When a Man Marries
The second floor was empty. A table lay overturned at the top of the stairs, and a broken
flower vase was weltering in its own ooze. Part way down Betty stepped on something
sharp, that proved to be the Japanese paper knife from the den. I left her on the stairs
examining her foot and hurried to the lower floor.
Here everything was in the utmost confusion. Aunt Selina had fainted, and was sitting in
a hall chair with her head rolled over sidewise and the poker from the library fireplace
across her knees. No one was paying any attention to her. And Jim was holding the front
door open, while three of the guards hesitated in the vestibule. The noises continued from
the back of the house, and as I stood on the lowest stair Bella came out from the dining
room, with her face streaked with soot, and carrying a kettle of hot water.
"Jim," she called wildly. "While Max and Dal are below, you can pour this down from
the top. It's boiling."
Jim glanced back over his shoulder. Carry out your own murderous designs," he said.
And then, as she started back with it, "Bella, for Heaven's sake," he called, "have you
gone stark mad? Put that kettle down."
She did it sulkily and Jim turned to the policeman.
"Yes, I know it was a false alarm before," he explained patiently, "but this is genuine. It
is just as I tell you. Yes, Flannigan is in the house somewhere, but he's hiding, I guess.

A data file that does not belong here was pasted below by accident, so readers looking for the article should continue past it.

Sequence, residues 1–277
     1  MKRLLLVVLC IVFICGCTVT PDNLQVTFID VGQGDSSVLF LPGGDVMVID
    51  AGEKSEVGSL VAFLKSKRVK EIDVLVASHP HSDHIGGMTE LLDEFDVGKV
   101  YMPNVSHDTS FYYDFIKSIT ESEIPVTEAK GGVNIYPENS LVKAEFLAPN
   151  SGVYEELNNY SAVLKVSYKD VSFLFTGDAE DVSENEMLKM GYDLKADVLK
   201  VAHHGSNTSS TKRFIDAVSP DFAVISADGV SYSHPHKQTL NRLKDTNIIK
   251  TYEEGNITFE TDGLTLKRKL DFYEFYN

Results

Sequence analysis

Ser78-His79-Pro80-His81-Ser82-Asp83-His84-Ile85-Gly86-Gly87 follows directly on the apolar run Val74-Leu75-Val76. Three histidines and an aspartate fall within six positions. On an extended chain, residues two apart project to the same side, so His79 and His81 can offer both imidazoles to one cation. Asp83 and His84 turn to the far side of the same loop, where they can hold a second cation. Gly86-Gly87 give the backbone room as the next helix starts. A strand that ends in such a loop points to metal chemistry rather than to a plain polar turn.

We could manage the thing very well ourselves, but we have no cartridges for our
revolvers." Then as the noise from the rear redoubled, "If you don't come in and help, I
will telephone for the fire department," he concluded emphatically.
I ran to Aunt Selina and tried to straighten her head. In a moment she opened her eyes, sat
up and stared around her. She saw the kettle at once.
"What are you doing with boiling water on the floor?" she said to me, with her returning
voice. "Don't you know you will spoil the floor?" The ruling passion was strong with
Aunt Selina, as usual.
I could not find out the trouble from any one; people appeared and disappeared, carrying
strange articles. Anne with a rope, Dal with his hatchet, Bella and the kettle, but I could
get a coherent explanation from no one. When the guards finally decided that Jim was in
earnest, and that the rest of us were not crawling out a rear window while he held them at
the door, they came in, three of them and two reporters, and Jim led them to the butler's
Here we found Anne, very white and shaky, with the pantry table and two chairs piled
against the door of the kitchen slide, and clutching the chamois-skin bag that held her
jewels. She had a bottle of burgundy open beside her, and was pouring herself a glass
with shaking hands when we appeared. She was furious at Jim.
"I very nearly fainted," she said hysterically. "I might have been murdered, and no one
would have cared. I wish they would stop that chopping, I'm so nervous I could scream."